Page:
Kyverno And Cosign

Kyverno And Cosign

In my previous article, I have written about kyverno. Continuing that, In this short article, I’m going to explore Kyverno and Cosign together. Kyverno is a Kubernetes native policy engine, and cosign is a tool used for signing container images. This article assumes that you know the basics of Kyverno and Cosign.

This article is more hands on oriented, so I will encourage you to try this hands on.

  • What we are going to do in this blog

    1. Creating a container image
    2. Pushing the image to container registry
    3. Signing the Image with Cosign
    4. Creating a ClusterPolicy that will enforce only signed images to be used while creating k8s resources.
    5. Creating a pod with the same image that we had made above.
  • For the example purpose, I will be creating a very simple container image based on nginx:alpine image.

  • Create a new directory and name it anything you want.
  • First, let's create an index.html page that we will be using in the image.
<!DOCTYPE html>
<html lang="en">
    <meta charset="UTF-8">
    <meta http-equiv="X-UA-Compatible" content="IE=edge">
    <meta name="viewport" content="width=device-width, initial-scale=1.0">
    <title>Cosign and Kyverno</title>
    <h1> Having fun with Cosign and Kyverno </h1>
  • Now let's create a Dockerfile in the same directory.
    FROM nginx:alpine
    COPY index.html /usr/share/nginx/html
  • Now we need to build the image. To build the image, execute the command
    podman build -t kranurag7/kyverno-cosign .
  • I'm using Podman here. If you use any other tool like docker, then replace podman with docker.

Signing the image

  • Now comes the part of signing the image.
  • To sign the image, we will use cosign.
  • Execute the command cosign sign --key cosign.key kranurag7/kyverno-cosign
  • If everything is correct, you should see this message.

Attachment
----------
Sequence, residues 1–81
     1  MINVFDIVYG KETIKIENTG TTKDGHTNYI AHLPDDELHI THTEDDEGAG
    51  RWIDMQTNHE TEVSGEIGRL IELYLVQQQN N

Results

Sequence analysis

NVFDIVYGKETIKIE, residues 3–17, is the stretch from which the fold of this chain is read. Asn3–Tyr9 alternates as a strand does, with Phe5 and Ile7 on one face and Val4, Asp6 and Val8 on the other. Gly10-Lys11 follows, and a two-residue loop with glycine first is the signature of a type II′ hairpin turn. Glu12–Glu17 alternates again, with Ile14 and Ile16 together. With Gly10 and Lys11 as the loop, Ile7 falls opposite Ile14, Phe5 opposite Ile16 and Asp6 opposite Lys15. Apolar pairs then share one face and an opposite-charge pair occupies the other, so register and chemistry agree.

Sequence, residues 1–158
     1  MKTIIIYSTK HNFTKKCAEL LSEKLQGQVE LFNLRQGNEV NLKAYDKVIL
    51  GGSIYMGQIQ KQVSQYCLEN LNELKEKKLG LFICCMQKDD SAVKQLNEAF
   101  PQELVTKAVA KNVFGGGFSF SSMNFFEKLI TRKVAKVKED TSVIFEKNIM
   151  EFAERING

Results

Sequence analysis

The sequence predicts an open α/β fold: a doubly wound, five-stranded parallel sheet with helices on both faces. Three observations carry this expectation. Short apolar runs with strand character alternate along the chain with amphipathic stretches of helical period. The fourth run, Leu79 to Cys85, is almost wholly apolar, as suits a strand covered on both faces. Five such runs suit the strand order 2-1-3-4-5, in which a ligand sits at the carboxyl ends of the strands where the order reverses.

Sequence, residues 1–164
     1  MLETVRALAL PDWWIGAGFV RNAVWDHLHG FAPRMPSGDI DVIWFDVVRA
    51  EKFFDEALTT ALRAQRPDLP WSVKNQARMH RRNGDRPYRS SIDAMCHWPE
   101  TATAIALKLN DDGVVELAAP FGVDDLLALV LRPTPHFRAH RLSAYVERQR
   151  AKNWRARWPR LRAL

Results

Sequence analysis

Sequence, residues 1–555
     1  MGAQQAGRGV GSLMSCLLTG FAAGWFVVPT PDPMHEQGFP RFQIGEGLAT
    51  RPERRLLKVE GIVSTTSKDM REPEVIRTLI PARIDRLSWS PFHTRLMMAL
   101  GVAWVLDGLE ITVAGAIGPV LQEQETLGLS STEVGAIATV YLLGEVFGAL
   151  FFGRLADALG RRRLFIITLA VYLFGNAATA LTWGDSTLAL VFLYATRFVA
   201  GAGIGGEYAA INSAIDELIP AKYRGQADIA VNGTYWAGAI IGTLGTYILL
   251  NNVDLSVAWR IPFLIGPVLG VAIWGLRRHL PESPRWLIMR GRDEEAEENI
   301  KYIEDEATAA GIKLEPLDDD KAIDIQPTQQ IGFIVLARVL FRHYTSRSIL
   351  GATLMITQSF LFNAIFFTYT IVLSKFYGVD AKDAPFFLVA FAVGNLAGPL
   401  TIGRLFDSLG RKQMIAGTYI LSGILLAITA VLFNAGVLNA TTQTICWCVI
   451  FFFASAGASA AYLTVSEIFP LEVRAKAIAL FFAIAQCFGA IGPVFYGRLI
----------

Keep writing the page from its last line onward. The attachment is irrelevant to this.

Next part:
Screenshot from 2022-04-26 14-48-20.png

  • After signing when you go to docker hub or your respective container registry then you will notice a tag pushed to the repo as soon as you sign the image.


  • I'm not going into the details of cosign in this article. I will write another one for that.
  • If verifies that your image is signed now.
  • You can also verify your image from the terminal.
    cosign verify --key kranurag7/kyverno-cosign | jq
  • You should see something like this.

Screenshot from 2022-04-26 14-55-14.png

  • If you don't have jq installed then skip jq

Creating a Pod with the signed Image

  • Now that we have our image ready, let's create a ClusterPolicy that will only allow the pods whose container images are signed with cosign.
  • To do that, we will go to and copy-paste one policy named verify_image. You can find it here
kind: ClusterPolicy
  name: verify-image
  annotations: Verify Image Sample medium Pod 1.4.2 >-
      Using the Cosign project, OCI images may be signed to ensure supply chain
      security is maintained. Those signatures can be verified before pulling into
      a cluster. This policy checks the signature of an image repo called to ensure it has been signed by verifying
      its signature against the provided public key. This policy serves as an illustration for
      how to configure a similar rule and will require replacing with your image(s) and keys.      
  validationFailureAction: enforce
  background: false
    - name: verify-image
        - resources:
              - Pod
        - image: "*"
          key: |-
            -----BEGIN PUBLIC KEY-----
            -----END PUBLIC KEY-----
  • Now we will execute the command kubectl apply -f verify_image.yaml
  • After this, we will try running our signed image and one unsigned image as well.
  • Let's first start with an image which is not signed by cosign.
  • For illustration purpose, we will run the nginx image
    kubectl run my-pod --image=nginx
  • You will notice that the object is not getting created, and it's throwing an error.
  • The error will look something like this.

Screenshot from 2022-04-26 14-27-04.png

  • You can also check this in the policy reports.
    kubectl get polr

Screenshot from 2022-04-26 14-29-56.png

  • It's showing that one policy is failing.
  • For looking at policies, I generally use policy-reporter. In the policy-reporter Dashboard, you will notice that one failing policy is there. For me, this is much simpler to visualize what's happening in the cluster.

Screenshot from 2022-04-26 14-32-04.png

  • You can see in the image above that one policy is failing and something is wrong.
  • Now let's deploy a pod with the image we have signed a few minutes back.
  • kubectl run my-pod --image=kranurag7/kyverno-cosign


  • Now let's try executing the command for the simple web page that we had created.
    kubectl exec -it my-pod -- curl localhost:80
  • You should see some output like this

Screenshot from 2022-04-26 15-21-24.png

  • Now let's see this in browser
    kubectl port-forward my-pod 8081:80
  • Go to your browser and type localhost:8081. You should see this in your browser. Screenshot from 2022-04-26 15-25-12.png

  • That's all I have for this article. I hope you enjoyed reading and practicing it. Stay tuned for more.

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